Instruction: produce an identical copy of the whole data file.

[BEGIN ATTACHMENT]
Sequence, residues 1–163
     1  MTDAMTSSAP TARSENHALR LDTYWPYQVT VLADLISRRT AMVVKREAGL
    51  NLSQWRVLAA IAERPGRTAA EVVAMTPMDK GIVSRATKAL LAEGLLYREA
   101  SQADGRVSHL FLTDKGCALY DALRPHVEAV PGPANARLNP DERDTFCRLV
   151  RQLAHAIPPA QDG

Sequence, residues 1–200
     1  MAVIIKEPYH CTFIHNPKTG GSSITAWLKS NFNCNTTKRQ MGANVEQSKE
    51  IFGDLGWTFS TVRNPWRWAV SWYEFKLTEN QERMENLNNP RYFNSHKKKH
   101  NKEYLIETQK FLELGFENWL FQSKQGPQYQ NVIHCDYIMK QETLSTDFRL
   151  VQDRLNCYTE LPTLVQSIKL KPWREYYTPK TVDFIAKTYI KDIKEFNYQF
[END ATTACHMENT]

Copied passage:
Sequence, residues 1–163
     1  MTDAMTSSAP TARSENHALR LDTYWPYQVT VLADLISRRT AMVVKREAGL
    51  NLSQWRVLAA IAERPGRTAA EVVAMTPMDK GIVSRATKAL LAEGLLYREA
   101  SQADGRVSHL FLTDKGCALY DALRPHVEAV PGPANARLNP DERDTFCRLV
   151  RQLAHAIPPA QDG

Sequence, residues 1–200
     1  MAVIIKEPYH CTFIHNPKTG GSSITAWLKS NFNCNTTKRQ MGANVEQSKE
    51  IFGDLGWTFS TVRNPWRWAV SWYEFKLTEN QERMENLNNP RYFNSHKKKH
   101  NKEYLIETQK FLELGFENWL FQSKQGPQYQ NVIHCDYIMK QETLSTDFRL
   151  VQDRLNCYTE LPTLVQSIKL KPWREYYTPK TVDFIAKTYI KDIKEFNYQF